Cover Story: Funding NC roads

By Jeff Atkinson - bio l email

CHARLOTTE, NC (WBTV) - $1,300.  That's how much drivers in and around Charlotte lose each year stuck in traffic and in crashes and dealing with poor roads.

It's money you probably aren't budgeting for.  A study released Tuesday says for a mere $65 billion we could have world-class roads 20 years from now.

The question is how much are you willing to pay out of pocket for the promise of perfect roads?

We all want them, but let somebody else pay for them.

A 50-page report finds North Carolina's current system of funding roads won't stack up for the future.

Call them the hidden costs.

A report released Tuesday on North Carolina's transportation system from TRIP a nonprofit transportation research group finds North Carolina drivers lose $5.7 billion each year as a result of driving on roads that are congested, deteriorated or lack some desirable safety features.

For Charlotte-area drivers that sitting in traffic, cost from crashes where the road was at fault and cost of repairs from falling into potholes averages out to about $1,351 a year you're not budgeting for.

"They need a lot of work.. lot of potholes need to be improved," says driver Travis Mauney.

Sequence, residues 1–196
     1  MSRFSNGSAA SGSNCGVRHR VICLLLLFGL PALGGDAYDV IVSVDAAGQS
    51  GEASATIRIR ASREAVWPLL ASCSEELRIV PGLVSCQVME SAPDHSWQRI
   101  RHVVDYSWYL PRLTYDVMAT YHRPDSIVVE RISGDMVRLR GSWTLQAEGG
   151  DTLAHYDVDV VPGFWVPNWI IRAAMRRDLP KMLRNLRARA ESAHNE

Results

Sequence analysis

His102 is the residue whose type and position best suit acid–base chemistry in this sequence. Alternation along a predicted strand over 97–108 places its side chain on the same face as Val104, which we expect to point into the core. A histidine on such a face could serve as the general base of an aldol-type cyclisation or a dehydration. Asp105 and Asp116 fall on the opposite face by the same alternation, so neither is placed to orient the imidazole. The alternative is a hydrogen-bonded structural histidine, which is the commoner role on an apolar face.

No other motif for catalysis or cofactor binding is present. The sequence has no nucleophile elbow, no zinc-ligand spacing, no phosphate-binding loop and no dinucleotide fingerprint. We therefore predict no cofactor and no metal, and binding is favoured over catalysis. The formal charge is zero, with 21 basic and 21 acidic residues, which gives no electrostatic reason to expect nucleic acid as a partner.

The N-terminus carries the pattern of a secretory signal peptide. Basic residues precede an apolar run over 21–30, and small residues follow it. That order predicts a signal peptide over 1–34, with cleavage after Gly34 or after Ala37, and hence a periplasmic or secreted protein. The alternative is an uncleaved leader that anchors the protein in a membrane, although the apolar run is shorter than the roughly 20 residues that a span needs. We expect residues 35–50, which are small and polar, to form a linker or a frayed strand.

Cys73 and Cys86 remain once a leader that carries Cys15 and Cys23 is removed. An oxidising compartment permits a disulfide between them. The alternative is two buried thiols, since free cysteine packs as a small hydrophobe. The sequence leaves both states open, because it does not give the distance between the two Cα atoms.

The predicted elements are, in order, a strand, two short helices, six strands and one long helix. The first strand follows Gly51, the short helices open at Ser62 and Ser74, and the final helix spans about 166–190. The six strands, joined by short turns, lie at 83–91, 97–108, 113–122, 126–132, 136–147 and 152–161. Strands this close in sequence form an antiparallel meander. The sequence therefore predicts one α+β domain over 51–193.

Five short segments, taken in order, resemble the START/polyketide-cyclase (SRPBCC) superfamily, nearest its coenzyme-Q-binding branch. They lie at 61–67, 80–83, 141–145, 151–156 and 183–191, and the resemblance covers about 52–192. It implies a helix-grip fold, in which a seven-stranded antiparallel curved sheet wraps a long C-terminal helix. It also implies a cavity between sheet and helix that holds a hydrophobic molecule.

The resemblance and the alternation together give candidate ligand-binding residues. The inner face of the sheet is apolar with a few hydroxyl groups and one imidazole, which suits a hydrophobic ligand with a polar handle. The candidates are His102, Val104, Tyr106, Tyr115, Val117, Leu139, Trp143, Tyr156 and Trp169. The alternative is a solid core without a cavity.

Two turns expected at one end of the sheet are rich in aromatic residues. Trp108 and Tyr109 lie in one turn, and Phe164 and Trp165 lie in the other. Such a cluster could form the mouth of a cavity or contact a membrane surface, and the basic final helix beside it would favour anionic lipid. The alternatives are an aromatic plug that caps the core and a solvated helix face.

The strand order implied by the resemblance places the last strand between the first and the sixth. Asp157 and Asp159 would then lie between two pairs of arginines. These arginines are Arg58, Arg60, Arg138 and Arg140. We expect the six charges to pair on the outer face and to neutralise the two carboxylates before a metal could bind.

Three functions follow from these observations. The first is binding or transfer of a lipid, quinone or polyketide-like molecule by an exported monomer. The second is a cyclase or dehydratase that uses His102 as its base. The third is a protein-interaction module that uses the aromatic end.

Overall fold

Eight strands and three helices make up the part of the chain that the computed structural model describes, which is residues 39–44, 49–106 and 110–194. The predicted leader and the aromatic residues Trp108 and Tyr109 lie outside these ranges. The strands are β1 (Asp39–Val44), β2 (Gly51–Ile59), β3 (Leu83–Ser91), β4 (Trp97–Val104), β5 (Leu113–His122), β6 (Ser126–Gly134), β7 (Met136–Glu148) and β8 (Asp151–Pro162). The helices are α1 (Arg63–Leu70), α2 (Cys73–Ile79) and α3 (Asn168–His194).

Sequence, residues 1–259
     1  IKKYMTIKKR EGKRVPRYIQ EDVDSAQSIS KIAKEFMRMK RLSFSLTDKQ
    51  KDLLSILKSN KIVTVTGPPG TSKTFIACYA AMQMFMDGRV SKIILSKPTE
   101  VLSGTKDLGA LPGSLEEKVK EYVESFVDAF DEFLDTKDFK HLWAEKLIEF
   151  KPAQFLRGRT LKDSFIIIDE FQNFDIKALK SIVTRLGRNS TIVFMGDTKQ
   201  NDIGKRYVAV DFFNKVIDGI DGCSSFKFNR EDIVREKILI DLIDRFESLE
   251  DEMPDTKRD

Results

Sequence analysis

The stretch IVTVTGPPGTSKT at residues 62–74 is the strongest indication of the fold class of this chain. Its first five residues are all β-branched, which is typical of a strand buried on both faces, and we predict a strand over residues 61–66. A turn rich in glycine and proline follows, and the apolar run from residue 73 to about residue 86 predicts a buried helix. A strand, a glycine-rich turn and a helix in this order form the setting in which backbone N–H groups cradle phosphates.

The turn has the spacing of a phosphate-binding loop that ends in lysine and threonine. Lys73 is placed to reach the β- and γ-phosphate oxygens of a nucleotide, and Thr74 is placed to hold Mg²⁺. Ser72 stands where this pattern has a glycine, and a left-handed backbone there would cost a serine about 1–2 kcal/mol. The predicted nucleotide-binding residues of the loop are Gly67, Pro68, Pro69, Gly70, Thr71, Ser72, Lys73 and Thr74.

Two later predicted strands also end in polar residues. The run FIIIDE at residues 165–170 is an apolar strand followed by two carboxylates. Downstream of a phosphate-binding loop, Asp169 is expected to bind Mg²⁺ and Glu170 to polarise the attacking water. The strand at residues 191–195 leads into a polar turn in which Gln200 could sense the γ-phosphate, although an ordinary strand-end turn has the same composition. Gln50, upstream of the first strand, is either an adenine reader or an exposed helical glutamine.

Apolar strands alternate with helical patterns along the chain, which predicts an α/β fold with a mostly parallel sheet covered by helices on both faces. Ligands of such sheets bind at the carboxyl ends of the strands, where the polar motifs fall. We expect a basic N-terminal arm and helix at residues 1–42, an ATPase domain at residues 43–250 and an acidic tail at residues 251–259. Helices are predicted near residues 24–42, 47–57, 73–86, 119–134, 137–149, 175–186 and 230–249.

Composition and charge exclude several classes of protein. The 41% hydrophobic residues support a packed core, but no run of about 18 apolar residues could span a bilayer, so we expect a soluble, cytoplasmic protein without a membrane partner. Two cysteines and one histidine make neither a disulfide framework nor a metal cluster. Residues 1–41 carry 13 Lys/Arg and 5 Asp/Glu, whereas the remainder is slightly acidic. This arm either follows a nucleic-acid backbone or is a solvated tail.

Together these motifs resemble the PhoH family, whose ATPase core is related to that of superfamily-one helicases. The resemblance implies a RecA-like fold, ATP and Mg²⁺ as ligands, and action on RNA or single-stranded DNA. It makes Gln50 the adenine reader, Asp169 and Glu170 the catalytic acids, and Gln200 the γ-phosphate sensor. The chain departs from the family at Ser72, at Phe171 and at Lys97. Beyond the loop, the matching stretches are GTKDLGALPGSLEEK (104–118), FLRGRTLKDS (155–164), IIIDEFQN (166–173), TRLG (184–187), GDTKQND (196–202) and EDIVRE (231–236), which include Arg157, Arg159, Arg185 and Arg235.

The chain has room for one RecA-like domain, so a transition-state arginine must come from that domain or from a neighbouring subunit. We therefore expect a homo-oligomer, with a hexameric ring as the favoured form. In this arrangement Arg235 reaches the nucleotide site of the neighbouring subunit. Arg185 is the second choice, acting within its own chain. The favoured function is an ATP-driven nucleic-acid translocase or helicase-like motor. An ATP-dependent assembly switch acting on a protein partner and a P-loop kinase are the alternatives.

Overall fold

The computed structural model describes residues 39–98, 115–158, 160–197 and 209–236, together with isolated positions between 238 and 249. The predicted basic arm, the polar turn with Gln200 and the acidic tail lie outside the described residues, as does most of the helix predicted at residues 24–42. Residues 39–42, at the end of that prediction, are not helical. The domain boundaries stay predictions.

The report found more than one-fourth of North Carolina's major roads are deteriorated.  Nearly one-third of the state's bridges in need of improvement.  And traffic congestion continues to choke major roads.

Charlotte area drivers it's estimated lose 40 hours each year stuck in traffic.

"Traffic congestion continues to increase here in the Charlotte area not withstanding the current economic downturn," says Frank Moretti, director of policy and research for TRIP.

The report finds the state's current way of funding roads (using the gas tax and other taxes and fees) won't be able to fix our aging infrastructure and build the new roads and bridges needed to keep up with the demand of a growing population.

TRIP says an extra $65 billion is needed over the next 20 years.

"If that's what it's going to cost.. that's what we need to do."

But where to get that money?  How much is it worth to you?  Are you willing to pay a toll to drive on say I-485?

Chrissy Hatch says she would.  She said, "It might upset some of the people that travel on there daily.. but I personally wouldn't mind because I don't travel that road very often."

How about raising the gas tax to where gas is six-bucks a gallon?  We asked Judy and George Pyle what they thought about that.  The husband and wife were traveling through Charlotte on their way home to Ontario, Canada.

"Let's say $6.00 a gallon for gas. No. You could go jump in the lake. You would lose one tourist. So we've reached the price point. Yeah, right."

Which roads need attention in the Charlotte area?  The TRIP report cited a couple-- widening I-85, I-77 and I-485.

Researchers also advocating extending Charlotte's light rail line out to University City.

What will happen to the report?

It will be used by groups to point to when they lobby the General Assembly for more funding for roads.. not only for safety reasons but also to create jobs and help lure companies here.

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